Martha Kern: Generations of farming

Susan EspirituEast Knox, Our Town Neighbors

My family bought the acreage we now live on just a few years ago in an area scattered with farmlands and subdivision development. The primary concern from the heirs selling the land was not negotiating the price with us but gaining an assurance of our motivation for the purchasing. Fear of the multi-generational family land being decimated into tracts for spec homes by investors was their main unease. Blessed we are to live on the beautiful expanse next to our own family with the developing civilization reasonably out of earshot.

Martha Kern

Some of the same apprehensions were echoed by Martha Kern in our recent conversation. Martha is a full-time farmer and has been for 50 years, managing Strong Stock Farm most of her life. A graduate of the University of Tennessee with a degree in animal science, Martha is an expert gardener, cattle-woman and conservationist. Her office is her tractor. She recounted the pandemic years when all of us were ZOOMing on our computers as we worked from the confines of our homes. Martha and her husband, John, were zooming too, but atop a tractor or horse as they covered their 1,000 acres of rolling pastures and woodlands along the several miles of the Holston River in East Knox County known as home to seven generations of Martha’s family.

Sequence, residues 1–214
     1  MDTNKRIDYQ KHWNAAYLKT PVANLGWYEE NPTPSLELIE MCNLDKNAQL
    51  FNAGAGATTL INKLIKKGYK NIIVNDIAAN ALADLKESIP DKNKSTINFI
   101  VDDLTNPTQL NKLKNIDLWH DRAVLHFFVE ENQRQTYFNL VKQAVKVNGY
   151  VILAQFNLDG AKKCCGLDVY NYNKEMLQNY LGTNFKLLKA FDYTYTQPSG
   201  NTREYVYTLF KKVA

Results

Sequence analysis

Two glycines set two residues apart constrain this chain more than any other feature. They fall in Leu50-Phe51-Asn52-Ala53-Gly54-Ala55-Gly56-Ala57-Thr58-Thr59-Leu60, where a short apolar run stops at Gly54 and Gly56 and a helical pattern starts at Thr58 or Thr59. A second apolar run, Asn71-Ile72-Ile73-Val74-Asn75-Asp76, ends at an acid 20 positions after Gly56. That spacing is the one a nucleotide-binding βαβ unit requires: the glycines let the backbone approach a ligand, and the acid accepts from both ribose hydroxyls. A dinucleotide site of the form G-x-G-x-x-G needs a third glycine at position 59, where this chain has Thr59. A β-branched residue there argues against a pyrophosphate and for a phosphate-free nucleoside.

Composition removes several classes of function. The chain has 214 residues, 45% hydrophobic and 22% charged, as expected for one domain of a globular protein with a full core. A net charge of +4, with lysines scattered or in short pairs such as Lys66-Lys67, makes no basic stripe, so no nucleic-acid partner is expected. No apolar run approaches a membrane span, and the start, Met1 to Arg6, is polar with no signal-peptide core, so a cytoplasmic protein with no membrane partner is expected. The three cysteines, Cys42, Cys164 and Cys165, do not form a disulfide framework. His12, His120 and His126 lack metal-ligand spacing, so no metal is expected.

Martha moved in to her grandmother’s house right after high school and began working with her father until he died in 1986. It was then her husband, John Niceley, also a UT graduate in animal science, helped his wife manage the farm as an expert cattleman and horseman. They have raised four children (and countless pseudo children) on the farm, and now have three grandchildren, who hopefully will be ninth generation farmers.

Angus cow and calf

Angus cattle at Strong Stock Farm

The farm now just does grass-finished Angus cattle which all are descendants of the original two registered cows Martha’s father started with in 1942. Martha is very proud of the fact that she does everything without the use of any herbicides, pesticides or commercial fertilizer because, “I feel like it is what is best for the environment,” she states emphatically.

All Martha’s family are passionate about open spaces and the future of farming. “I guess if I have something that I would like for people to take away, it would be the importance of eating locally sourced food. It is what will enable farm land to stay in production and not fall victim to the ever-growing pressure to develop all our land.” All of their meat is sold locally in Three Rivers Market.

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